by Phoebe Kitanidis
Balzer + Bray, 2010
young adult urban fantasy
Like all the women in her fmaily, Joy can hear the Whispers of others: the desires, wants and wishes of the people around her. But while Joy uses her Hearing to make her friends happy, her older sister Jessica, who sees it as a curse, has used it to ruin Joy's life ever since they started drifting apart as kids. Abruptly Joy's Hearing grows stronger, at the same time Jessica disappears. And Joy knows the Whispers she hears from her sister -- I want to kill my Hearing dead, and kill me too if that's what it takes -- may be prophesizing what will happen to Jessica if Joy doesn't get to her on time.The cover:
Using the same font for the title and author name is something I wish I see more of, so kudos to the book designer! (But not for using Times New Roman as the blurb font. *shudder*) The wisps (of smoke? steam? echoes?) behind the title really accentuate the cover, but the girl spoils it. This book has nothing to do with eyes or lips or noses or faces, so why the close-up?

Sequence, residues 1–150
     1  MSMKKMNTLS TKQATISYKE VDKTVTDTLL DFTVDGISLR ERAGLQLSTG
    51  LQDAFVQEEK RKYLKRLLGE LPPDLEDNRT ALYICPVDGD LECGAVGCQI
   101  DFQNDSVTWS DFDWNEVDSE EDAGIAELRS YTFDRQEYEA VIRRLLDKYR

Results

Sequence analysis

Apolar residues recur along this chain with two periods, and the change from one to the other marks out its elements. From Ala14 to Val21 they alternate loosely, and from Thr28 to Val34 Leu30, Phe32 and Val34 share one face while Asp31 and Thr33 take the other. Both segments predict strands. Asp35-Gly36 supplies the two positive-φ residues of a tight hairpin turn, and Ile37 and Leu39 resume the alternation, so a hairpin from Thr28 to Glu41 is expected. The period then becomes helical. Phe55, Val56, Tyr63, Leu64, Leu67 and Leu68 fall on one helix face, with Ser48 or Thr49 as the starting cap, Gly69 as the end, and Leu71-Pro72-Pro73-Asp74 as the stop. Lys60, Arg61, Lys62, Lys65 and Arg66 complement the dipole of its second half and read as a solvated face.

We don't exactly start off on a bright note with the main characters; having the protag fight with her sister doesn't tend to make either of them likeable, even though Jessica's cat in a worse light than Joy. (Her nickname's "Icka"... I didn't know whether to laugh or cry.)
Then there were the usual problems: detailing how the protag lived life with the power, the usual diversion of cute boys, and a not-so-subtle hint at who the real love interest would end up being. The first of those problems might not have been a problem, really, if Kitanidis had gone more in-depth with the history of the Hearing -- same goes for the power of the lead male.
Things pick up in the last third, however, where Joy finally makes it out of domestic life and into an actually interesting situation. A race against time will usually do the trick, as does a unique love interest. He may have been hinted at unsubtly, but I still adore Jamie. We need more guys like him -- sweet, sensitive and chivalrous. (Seriously, bad boys are oooverrated.) (Okay, he's a stoner too, but I'm sure he grows out of that.)
In the end, the theme of family was perhaps the most surprising aspect. There are a lot of lies stretched between Joy and her family, almost beyond the point of believability; trust is drawn taut until it snaps. I think Whisper is about recovering those bonds. It's definitely a book that gets better as you read.
Rating: 3.5 out of 5